Last summer’s newsletter from the Ibn Arabi Society described what appears to be the oldest surviving copy of one of Shaikh-e Akbar Ibn `Arabi’s works – the `Anqa Mughrib – in the Berlin State Library and now in the Society’s digital archives. The copy has a date in Shaikh-e Akbar’s (قدّس سرّه) own hand of Jumada al-Ula, 597, which will be 832 (hijri) years ago next month. It also includes two pages of “coded” writing in the masters own hand, one of which is shown here.Page from `Anqa Mughrib manuscript in Ibn `Arabi\'s writing.

A remarkable document – the earliest known Ibn ‘Arabi manuscript

Stephen Hirtenstein writes: I can confirm his findings, and add that the remains of the cover page (only the right-hand bottom corner survives) has some fragmentary lines in Ibn ‘Arabi’s own distinctive hand, mentioning al-Habashi, his own name, and the town of Fez in the month of Jumada al-Ula [59]7H (= Feb 1201). Below this is a barely legible and rather tantalising sama’ certificate in a different hand, mentioning a reading of the whole work in front of at least four people (some of the names are too faint to be identified or are missing).

Two of these, Isma’il b. Muhammad b. Yusuf al-Ansari and ‘Abd al-Rahman b. Muhammad al-Lawati, are known to have also been present at the Cairo reading of the Ruh al-quds in 603H, and so could be counted as part of the original group of disciples and companions who came with Ibn ‘Arabi from the Maghrib. In both cases the association was close and long-lasting: al-Ansari recited the Taj al-rasa’il in 613H in Ibn ‘Arabi’s house (probably in Malatya) while al-Lawati heard the K. al-Isra’ in the author’s house in Damascus in 633H.

If you’re interested in the subject of quasi-historical, secret and mystical (for lack of a better word) alphabets, this is an interesting online find: an apparently 18th century collection of alphabets purchased in Beirut in the ’20s and now at Princeton. Each alphabet is presented first as pronunced, and then as written.

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I already commented at Coding Horror and elsewhere about the actual issues in this whole G-archiver mess. (In case you didn’t see this, G-Archiver is a program for managing a gmail account which also happens to send the users id and password to the developer’s email account. Yep, everyone’s worst nightmare.)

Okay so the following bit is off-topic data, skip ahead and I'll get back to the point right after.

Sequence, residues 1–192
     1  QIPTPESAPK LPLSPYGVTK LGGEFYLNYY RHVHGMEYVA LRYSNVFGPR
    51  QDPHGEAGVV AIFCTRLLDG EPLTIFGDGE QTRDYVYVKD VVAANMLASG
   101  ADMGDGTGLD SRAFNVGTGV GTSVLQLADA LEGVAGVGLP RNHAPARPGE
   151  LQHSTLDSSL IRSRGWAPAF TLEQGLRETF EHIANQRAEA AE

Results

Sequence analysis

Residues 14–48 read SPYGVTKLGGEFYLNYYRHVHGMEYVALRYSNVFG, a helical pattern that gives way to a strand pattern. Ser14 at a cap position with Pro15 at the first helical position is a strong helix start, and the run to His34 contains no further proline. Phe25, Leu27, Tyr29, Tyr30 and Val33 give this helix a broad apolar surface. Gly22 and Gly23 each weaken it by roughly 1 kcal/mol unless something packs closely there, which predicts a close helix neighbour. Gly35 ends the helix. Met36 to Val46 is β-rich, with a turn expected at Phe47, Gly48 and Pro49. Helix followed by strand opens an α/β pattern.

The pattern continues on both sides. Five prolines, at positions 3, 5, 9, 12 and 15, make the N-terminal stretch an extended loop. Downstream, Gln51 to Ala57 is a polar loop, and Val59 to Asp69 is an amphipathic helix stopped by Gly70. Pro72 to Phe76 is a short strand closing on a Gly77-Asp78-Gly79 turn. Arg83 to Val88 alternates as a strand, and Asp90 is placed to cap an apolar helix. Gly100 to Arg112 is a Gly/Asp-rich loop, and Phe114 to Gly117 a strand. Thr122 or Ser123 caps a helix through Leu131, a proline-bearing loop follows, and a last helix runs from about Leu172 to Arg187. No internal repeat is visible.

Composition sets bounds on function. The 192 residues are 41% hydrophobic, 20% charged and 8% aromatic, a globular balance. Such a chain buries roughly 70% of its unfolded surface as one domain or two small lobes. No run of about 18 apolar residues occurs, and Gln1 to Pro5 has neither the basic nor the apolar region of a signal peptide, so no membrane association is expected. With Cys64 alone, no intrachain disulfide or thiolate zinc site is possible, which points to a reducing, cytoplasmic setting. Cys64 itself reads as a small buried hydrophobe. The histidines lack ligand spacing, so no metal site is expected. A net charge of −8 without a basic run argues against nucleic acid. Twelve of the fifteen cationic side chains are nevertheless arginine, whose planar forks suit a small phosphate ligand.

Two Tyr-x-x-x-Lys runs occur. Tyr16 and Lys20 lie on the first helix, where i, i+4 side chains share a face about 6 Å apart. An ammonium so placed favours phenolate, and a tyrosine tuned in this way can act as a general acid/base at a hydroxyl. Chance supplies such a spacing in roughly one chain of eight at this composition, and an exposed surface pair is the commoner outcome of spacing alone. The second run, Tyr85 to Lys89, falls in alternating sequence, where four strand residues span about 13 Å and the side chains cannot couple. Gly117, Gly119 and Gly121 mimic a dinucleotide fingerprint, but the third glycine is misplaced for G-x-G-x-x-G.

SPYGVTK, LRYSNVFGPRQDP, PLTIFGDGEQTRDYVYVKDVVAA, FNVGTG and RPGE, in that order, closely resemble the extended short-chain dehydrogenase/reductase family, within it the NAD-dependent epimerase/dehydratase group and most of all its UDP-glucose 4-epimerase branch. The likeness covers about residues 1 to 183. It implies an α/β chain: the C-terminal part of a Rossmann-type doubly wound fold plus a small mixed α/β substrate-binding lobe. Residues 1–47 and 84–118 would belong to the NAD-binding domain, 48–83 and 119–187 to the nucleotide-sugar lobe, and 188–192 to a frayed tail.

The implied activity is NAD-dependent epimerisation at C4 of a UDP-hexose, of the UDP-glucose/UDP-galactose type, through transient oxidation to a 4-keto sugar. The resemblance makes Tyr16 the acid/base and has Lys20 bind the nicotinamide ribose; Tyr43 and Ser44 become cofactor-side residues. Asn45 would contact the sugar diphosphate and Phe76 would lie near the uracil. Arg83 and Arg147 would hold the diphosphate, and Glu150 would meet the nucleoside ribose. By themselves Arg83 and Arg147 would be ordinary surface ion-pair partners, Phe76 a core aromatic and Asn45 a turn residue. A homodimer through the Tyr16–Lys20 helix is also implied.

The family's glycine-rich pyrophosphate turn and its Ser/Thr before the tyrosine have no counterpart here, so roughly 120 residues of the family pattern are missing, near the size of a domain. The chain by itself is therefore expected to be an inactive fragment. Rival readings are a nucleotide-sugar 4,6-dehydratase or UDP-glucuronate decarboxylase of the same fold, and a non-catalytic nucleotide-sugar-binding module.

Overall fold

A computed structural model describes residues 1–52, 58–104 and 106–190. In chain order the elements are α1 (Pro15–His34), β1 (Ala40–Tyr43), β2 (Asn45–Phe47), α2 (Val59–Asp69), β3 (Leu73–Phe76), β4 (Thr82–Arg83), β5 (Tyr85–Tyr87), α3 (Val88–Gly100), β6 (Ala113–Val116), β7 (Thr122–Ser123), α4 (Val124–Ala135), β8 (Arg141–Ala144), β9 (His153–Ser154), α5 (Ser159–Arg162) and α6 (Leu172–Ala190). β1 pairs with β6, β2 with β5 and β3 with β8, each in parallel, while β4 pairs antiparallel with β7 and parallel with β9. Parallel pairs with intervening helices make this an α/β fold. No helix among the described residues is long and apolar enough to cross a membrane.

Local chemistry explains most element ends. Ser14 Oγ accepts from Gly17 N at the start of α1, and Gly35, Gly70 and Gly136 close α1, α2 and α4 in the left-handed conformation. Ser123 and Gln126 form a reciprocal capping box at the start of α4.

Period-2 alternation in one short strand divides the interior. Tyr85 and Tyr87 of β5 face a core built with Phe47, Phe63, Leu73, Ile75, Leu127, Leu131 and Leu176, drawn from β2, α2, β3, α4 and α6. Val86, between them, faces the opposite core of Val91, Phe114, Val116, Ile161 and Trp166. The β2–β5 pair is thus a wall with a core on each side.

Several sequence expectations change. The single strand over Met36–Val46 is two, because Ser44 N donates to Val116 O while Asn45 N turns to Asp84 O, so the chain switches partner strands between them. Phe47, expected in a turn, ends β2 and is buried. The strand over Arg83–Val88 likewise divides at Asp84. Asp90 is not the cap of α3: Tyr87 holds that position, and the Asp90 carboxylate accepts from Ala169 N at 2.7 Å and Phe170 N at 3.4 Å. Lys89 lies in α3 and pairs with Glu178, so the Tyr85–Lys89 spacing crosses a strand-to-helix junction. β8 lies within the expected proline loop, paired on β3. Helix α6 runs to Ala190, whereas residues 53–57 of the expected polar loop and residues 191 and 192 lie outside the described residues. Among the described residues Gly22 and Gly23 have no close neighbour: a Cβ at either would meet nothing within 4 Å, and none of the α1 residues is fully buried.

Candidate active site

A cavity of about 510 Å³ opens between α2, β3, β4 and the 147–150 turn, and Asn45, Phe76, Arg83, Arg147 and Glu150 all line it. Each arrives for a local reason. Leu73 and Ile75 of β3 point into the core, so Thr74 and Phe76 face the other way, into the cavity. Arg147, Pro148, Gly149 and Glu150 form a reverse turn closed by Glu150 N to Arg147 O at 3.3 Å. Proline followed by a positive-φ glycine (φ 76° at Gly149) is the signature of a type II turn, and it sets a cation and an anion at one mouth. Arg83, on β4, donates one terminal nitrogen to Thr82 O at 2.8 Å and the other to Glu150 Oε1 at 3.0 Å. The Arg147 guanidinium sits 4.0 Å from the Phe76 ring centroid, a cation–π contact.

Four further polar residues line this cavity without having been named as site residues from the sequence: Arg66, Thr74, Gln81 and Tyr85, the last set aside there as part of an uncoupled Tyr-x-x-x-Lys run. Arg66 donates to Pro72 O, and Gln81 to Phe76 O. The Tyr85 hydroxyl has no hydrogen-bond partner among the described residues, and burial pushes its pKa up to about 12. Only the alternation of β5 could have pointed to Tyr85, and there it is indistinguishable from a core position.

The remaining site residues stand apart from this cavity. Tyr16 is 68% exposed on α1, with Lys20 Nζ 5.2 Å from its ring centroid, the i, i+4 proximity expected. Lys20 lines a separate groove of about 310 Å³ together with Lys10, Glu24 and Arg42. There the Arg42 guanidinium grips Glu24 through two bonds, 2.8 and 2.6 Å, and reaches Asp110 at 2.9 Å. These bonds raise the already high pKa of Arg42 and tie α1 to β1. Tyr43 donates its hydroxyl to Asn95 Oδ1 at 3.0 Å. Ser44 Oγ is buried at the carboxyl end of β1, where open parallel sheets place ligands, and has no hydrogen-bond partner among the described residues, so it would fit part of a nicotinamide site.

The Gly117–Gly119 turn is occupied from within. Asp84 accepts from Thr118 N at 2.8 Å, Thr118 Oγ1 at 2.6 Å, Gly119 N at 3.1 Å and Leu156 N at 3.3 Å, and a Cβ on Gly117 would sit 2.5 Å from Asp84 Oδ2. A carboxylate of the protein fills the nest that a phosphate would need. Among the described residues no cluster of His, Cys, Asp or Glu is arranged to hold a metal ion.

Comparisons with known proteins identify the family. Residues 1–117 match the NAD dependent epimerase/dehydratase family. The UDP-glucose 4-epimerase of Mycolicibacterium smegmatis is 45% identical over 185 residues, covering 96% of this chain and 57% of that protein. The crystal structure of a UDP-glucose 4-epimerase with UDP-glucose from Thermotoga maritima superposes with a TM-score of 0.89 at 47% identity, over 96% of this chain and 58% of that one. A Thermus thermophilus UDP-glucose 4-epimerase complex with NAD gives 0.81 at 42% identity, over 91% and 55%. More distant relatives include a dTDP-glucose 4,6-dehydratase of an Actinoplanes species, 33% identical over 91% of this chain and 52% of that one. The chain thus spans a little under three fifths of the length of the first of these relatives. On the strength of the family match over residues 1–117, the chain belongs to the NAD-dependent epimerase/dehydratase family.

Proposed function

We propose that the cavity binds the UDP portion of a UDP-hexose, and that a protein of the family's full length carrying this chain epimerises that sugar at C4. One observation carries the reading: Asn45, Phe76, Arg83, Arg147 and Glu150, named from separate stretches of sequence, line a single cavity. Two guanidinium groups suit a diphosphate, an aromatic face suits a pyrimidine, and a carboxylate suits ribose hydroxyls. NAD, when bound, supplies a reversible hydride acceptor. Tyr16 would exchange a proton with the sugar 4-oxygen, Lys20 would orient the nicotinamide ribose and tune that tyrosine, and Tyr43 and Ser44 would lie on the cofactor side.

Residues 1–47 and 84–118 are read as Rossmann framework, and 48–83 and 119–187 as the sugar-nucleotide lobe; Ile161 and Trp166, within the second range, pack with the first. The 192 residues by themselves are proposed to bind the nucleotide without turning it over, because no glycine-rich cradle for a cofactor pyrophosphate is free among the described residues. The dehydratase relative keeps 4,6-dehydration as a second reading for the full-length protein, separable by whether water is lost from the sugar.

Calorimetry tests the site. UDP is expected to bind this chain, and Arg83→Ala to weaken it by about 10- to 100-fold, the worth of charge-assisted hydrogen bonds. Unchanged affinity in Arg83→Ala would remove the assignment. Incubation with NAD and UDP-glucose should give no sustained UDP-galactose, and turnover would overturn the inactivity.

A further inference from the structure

Anyway, as AFAIK the author of the internet’s only abjad-themed quasi-tech blog, how could I resist this:

client.Credentials = new NetworkCredential(“JTerry79@gmail.com”, “bilal482”);

(I don’t think I’m surprised, but only one commenter at CH even came close to taking this where it might have gone in some other sections of the web, alling Bilal an “Asian name.” Must be a Brit.)

So, just for the record, what I’m suggesting here is absurd, and 482 is almost certainly proof that the little creep was born in April of 1982 (which to my dismay means he’s already almost 26).

I couldn’t recall any particular equivalence to 482, and I didn’t think this meritted sitting for hours working on the problem, and every jafr/abjad related bit of code I’ve ever written has been slower than the cryptogram solutions from Rubyquiz. (Yes, the secret is caching – just unleash an analyzer on a big corpus of text and build a database. Still putting together combinations would be absurdly slow because it combines finding lists of addends with database queries and – presumably – utf text processing.) So, I took the laziest of lazy ways out and used the tables in Shama`-e Shaistan-e Nuri. The only combination I checked was if there was a 390 I could add to 92, but no luck, so the only thing I came up with is that 482 is the `adad-e malfuzi of Mukarram. So there you go. Case closed.

Maybe Mr. Terry could enlighten us.